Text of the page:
Brooklyn Bridge Park provides a scenic backdrop to Empire Stores, a forgotten 19th-century warehouse and former coffee storehouse turned into a 360,000-square-feet complex of restaurants, retail shops and offices. Last summer, we took a behind-the-scenes look at the construction site with Navid Maqami, the founder and principal architect at S9Architecture firm, which took over the redevelopment of Empire Stores in 2014.
Back then, the complex was still surrounded by a temporary fence, and a towering system of scaffolds had been erected, stories high, on-site. Yesterday, nearly one year later, we dropped by again for the launch of the Brooklyn Historical Society’s (BHS) satellite museum — the first expansion in the institution’s 154-year history, which officially opens to the public today, May 19th.
Inside the construction site of Empire Stores in 2016
Its inaugural exhibition, Shifting Perspectives: Photographs of Brooklyn’s Waterfront, features the work of twenty-five photographers (many Brooklyn-based), including Chester Higgins, Jeff Chien-Hsing Liao, Berenice Abbott, Nathan Kensinger and more; altogether, 65 photographs are displayed throughout the 3,200-square-foot gallery, presenting a “survey of realistic documentation” of Brooklyn’s shoreline, in addition to coastal scenery from Jamaica Bay to Newtown Creek.
Inside the new Brooklyn Historical Society DUMBO location. Image via BHS
“Our aim is to link visitors to the water’s edge through inspired images created by some of the world’s great photographers,” said Brooklyn Historical Society President, Deborah Schwartz in a press release. “We hope and expect that when people leave the exhibition and walk out to the park, they’ll look at their surroundings differently…”
Given the rich history of the location, Shifting Perspectives: Photographs of Brooklyn’s Waterfront is suited as the inaugural show, which will be open to the public before a major, long-term exhibition is installed in December 2017. Entitled Waterfront, the forthcoming exhibit will tell the global and local history of Brooklyn’s waterfront through the stories of workers, artists, industries, families and more.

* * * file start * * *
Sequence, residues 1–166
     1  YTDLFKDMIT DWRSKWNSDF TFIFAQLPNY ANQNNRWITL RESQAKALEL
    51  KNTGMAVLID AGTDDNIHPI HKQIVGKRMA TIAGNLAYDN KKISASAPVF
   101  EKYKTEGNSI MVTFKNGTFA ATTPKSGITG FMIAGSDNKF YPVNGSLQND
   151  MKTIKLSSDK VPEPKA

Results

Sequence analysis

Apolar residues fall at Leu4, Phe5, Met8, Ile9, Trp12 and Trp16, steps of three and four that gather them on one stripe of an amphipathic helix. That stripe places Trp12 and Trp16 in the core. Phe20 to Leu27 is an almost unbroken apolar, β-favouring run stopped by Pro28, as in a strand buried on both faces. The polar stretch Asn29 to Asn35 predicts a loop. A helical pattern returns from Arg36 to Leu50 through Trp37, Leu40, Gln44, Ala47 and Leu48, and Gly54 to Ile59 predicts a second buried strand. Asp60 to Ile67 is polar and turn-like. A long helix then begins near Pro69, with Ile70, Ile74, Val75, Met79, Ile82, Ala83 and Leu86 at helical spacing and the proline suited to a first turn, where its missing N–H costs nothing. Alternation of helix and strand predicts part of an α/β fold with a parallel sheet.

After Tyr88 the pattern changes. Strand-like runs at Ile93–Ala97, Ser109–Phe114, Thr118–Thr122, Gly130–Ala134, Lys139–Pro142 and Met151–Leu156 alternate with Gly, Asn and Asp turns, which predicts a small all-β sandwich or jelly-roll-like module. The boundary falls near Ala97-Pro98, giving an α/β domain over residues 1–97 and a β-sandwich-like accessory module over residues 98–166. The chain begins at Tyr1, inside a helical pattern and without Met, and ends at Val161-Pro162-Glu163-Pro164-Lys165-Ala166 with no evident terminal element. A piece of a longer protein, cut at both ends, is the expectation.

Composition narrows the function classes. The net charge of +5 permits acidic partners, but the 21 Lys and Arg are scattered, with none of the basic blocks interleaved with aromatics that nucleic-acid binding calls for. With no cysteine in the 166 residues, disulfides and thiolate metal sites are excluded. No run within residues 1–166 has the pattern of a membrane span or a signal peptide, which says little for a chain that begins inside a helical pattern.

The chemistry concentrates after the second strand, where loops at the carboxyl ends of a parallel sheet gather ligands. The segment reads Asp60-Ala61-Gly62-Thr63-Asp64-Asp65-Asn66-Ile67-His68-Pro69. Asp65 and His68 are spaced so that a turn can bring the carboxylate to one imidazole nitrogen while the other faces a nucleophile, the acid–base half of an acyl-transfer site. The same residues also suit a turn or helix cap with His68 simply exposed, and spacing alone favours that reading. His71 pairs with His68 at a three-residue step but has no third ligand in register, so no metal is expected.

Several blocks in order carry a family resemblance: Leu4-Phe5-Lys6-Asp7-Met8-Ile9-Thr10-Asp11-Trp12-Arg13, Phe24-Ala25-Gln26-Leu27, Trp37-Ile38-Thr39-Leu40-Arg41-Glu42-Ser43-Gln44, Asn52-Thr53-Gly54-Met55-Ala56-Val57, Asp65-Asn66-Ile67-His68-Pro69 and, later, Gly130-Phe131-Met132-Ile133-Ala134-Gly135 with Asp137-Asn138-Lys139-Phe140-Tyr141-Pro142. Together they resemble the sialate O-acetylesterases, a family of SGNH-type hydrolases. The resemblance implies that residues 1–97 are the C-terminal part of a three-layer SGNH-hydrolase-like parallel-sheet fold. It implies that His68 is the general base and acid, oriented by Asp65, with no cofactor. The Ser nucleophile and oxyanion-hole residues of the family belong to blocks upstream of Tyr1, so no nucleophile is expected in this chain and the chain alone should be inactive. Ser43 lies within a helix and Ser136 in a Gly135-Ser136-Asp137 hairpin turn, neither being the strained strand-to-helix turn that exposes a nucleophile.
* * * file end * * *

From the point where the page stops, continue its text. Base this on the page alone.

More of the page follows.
Photographer Chester Higgins
In the short time that has passed since our initial visit, a lot has changed: gone are the scaffolds and construction rigs, which formerly occupied the spacious, open air atrium. Now fully renovated, Empire Stores is a difficult site to ignore given its 450-foot brick facade, fitted with newly-furnished metal doors. Once inside, the atrium gives away to concrete, metal and glass — modern additions that are incorporated with remnants of the once-forgotten warehouse, including its wooden beams and brick walls.
A giant winch sits inside the Brooklyn Historical Society’s gallery
Like the rest of the complex, which features a retail space on the ground floor and offices in the stories above, Brooklyn Historical Society’s second, smaller location blends the old with the new. Sitting among the collection of photographs are artifacts from the waterfront’s industrial past, including a giant winch, which once hoisted tons of goods into and out of the warehouse; chalk and other markings on the gallery’s wooden, structural beams show examples of what Julie Golia, the Director of Public History at the BHS, describes as “crude mathematics” for the movement of goods. The scrawled numbers (seen below) date back to the 19th and 20th centuries.
Markings dating back to the 19th century (top photo) and the 20th century (bottom photo)
According to Golia, Empire Stores was originally a series of seven attached warehouses, built of schist walls and incorporating timber for its frame. Constructed in various phases between 1869 and 1885, the space — one of the last surviving storehouses in DUMBO — once held goods from around the world, including barrels and bags of rubber, wool, linseed oil, animal hides and coffee. Before its renovation, it had remained empty since it was sold in 1945 by Arbuckle Brothers Coffee.
Now standing as “a symbol of Brooklyn’s deindustrialization,” Empire Stores offers plenty to do and several vantage points to see New York City’s iconic skyline through its open, arched windows. With BHS’s DUMBO location serving as the sole cultural institution inside, the complex thrives as a cultural hub and serves as an innovative example of adaptive reuse.
For more information on the Brooklyn Historical Society, visit the website here. The museum flagship is located on 128 Pierrepont St., in Brooklyn Heights, housed in a landmarked building designed by George Post, which opened in 1881.
Next, check out our Behind-the-Scenes look into the Construction of Empire Stores in Dumbo, Brooklyn and see more of our coverage of the Brooklyn Historical Society.